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Assessing the impact of app-delivered lighting interventions on fatigue in three populations of cancer patients

Award Information
Agency: Department of Health and Human Services
Branch: National Institutes of Health
Contract: 2R44CA236557-02A1
Agency Tracking Number: R44CA236557
Amount: $1,612,583.00
Phase: Phase II
Program: SBIR
Solicitation Topic Code: 102
Solicitation Number: PA19-273
Solicitation Year: 2019
Award Year: 2020
Award Start Date (Proposal Award Date): 2020-09-10
Award End Date (Contract End Date): 2022-08-31
Small Business Information
Chantilly, VA 20151-2296
United States
DUNS: 080542557
HUBZone Owned: No
Woman Owned: No
Socially and Economically Disadvantaged: No
Principal Investigator
 (703) 328-0848
Business Contact
Phone: (703) 328-0848
Research Institution

Cancer patients often experience disruptions to their bodyandapos;s internal, circadian clock over the course of
treatment, which contribute to worsened side-effects and quality of life. These side-effects include cancer-
related fatigue (CRF), which affects millions of patients and can persist for months to years after the end of
treatment. Despite the pervasiveness of CRF, the guidelines for treating it are largely limited to exercise,
cognitive behavioral therapy, and other psychosocial interventions, which present challenges of compliance,
accessibility, and scalability. Light therapy, however, has a lower barrier to entry and has shown promise as a
way of reducing symptoms of fatigue in cancer patients by targeting circadian pathways. Light is the primary
input to the bodyandapos;s internal clock. By timing light exposure-- e.g., increasing morning light and decreasing light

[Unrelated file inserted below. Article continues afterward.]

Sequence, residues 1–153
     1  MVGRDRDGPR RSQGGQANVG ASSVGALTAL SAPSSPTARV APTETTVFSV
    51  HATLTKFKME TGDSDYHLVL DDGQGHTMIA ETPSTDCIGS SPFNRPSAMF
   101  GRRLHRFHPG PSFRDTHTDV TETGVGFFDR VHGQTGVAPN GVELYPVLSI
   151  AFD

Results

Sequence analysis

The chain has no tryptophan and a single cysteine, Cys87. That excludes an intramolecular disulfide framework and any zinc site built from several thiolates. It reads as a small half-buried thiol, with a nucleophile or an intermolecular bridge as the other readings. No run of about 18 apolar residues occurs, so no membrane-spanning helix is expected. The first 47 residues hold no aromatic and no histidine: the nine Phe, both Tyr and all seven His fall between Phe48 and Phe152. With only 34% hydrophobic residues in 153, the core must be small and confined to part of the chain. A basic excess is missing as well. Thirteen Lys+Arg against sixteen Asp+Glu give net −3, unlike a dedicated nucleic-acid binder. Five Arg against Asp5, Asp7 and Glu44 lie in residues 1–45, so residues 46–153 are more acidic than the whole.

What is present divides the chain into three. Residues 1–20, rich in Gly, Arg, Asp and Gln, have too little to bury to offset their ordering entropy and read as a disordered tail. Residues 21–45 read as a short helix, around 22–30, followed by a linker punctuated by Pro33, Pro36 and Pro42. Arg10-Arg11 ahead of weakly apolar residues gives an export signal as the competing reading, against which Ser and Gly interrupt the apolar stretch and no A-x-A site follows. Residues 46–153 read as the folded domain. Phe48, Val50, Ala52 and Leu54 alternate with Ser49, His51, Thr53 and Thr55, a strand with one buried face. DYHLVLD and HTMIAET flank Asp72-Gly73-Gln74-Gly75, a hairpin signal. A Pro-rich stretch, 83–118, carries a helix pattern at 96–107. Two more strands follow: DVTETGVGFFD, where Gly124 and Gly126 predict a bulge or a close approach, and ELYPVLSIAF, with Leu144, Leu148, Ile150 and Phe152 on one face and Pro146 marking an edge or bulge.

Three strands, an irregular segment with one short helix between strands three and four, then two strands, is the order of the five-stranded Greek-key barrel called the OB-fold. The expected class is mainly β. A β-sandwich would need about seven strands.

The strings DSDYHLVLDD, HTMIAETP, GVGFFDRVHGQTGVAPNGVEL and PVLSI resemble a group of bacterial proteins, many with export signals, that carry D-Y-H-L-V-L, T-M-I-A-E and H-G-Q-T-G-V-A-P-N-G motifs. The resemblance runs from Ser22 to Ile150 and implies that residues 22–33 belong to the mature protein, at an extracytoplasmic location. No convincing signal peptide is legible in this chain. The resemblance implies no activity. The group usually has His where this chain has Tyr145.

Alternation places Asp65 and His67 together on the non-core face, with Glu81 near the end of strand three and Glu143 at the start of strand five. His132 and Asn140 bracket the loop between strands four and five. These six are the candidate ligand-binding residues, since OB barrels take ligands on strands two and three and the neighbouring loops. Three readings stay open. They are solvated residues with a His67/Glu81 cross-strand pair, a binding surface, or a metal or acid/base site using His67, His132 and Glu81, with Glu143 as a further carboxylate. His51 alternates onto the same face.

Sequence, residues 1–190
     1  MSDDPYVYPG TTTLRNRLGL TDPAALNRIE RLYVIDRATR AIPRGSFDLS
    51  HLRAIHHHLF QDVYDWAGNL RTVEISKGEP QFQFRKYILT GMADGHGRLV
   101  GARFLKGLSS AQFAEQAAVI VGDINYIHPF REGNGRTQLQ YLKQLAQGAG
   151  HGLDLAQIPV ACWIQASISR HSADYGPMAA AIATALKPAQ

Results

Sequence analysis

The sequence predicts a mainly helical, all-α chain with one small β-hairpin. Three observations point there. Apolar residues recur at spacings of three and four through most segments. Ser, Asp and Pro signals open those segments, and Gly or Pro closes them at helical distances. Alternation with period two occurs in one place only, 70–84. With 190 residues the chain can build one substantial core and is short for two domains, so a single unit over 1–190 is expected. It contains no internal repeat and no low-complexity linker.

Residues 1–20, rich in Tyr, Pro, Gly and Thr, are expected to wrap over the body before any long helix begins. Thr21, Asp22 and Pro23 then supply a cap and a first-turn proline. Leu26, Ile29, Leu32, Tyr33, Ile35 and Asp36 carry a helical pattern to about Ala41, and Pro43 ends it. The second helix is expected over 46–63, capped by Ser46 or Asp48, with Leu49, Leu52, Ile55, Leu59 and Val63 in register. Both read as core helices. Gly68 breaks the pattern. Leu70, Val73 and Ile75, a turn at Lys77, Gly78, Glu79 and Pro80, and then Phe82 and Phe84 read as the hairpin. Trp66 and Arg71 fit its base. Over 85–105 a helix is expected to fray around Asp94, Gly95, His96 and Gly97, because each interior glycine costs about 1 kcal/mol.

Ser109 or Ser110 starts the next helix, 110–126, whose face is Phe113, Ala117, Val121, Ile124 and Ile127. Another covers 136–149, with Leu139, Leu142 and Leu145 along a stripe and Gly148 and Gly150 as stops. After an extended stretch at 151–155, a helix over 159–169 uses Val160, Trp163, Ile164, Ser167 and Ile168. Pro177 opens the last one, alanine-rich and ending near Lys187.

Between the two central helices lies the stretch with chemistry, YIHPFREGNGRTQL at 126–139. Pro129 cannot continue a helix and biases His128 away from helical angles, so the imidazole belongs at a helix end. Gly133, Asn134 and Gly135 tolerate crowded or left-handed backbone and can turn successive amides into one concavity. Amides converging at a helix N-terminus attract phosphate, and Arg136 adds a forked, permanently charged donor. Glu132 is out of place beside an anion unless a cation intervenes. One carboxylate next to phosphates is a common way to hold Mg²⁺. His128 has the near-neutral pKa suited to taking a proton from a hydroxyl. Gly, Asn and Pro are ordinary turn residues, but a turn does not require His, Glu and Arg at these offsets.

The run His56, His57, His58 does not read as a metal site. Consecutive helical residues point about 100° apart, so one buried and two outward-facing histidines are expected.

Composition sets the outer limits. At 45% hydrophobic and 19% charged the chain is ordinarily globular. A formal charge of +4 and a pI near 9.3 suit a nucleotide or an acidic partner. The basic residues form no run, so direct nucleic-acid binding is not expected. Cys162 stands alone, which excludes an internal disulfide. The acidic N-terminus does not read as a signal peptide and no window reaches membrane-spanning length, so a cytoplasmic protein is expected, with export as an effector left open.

at night-- lighting interventions can bolster the clock, improving fatigue and consolidating sleep. The
advantages of a more robust clock may also go beyond fatigue and sleep, as better outcomes in cancer
patients are associated with less disrupted circadian rhythms. Despite the potential value in light interventions,
several limitations have held back their wide-spread adoption as a treatment. There is limited awareness about
how light timing affects the circadian clock, which is complicated by the fact that the clockandapos;s sensitivity to light
changes over the course of the day. In addition, any lighting interventions need to be tailored to an individualandapos;s
“personal time zone” (i.e., their circadian clockandapos;s current state) in order to be effective. Two individuals living in
the same location may need light at markedly different times if their daily schedules are sufficiently different, or
if oneandapos;s circadian clock is much more disrupted than the other. The work in this proposal is a clinical trial to test
an app (“SHIFT”) that recommends personalized lighting interventions to reduce fatigue in cancer patients. 138
patients will be recruited from the University of Michiganandapos;s Cancer Center and provided with the SHIFT app, as
well as a pair of blue-blocking glasses and a Fitbit wearable device. The patients will be tracked longitudinally,
with fatigue as the primary outcome, and sleep disturbances, sleep aid usage, mood, and anxiety as
secondary outcomes. We expect to observe statistically significant differences in fatigue as a result of targeted
lighting interventions. The final product will be a quantification of the SHIFT appandapos;s ability to improve fatigue in
cancer patients and a roadmap for iteratively improving the app.PROJECT NARRATIVE
Fatigue is a major problem for cancer patients, and one that can persist long after treatment ends. Recent work
has demonstrated that light therapy may mitigate or reduce fatigue levels in both cancer patients and cancer
survivors. This proposal seeks to assess how lighting interventions distributed through a mobile app affect
fatigue, sleep, and quality of life across three populations of cancer patients.

* Information listed above is at the time of submission. *

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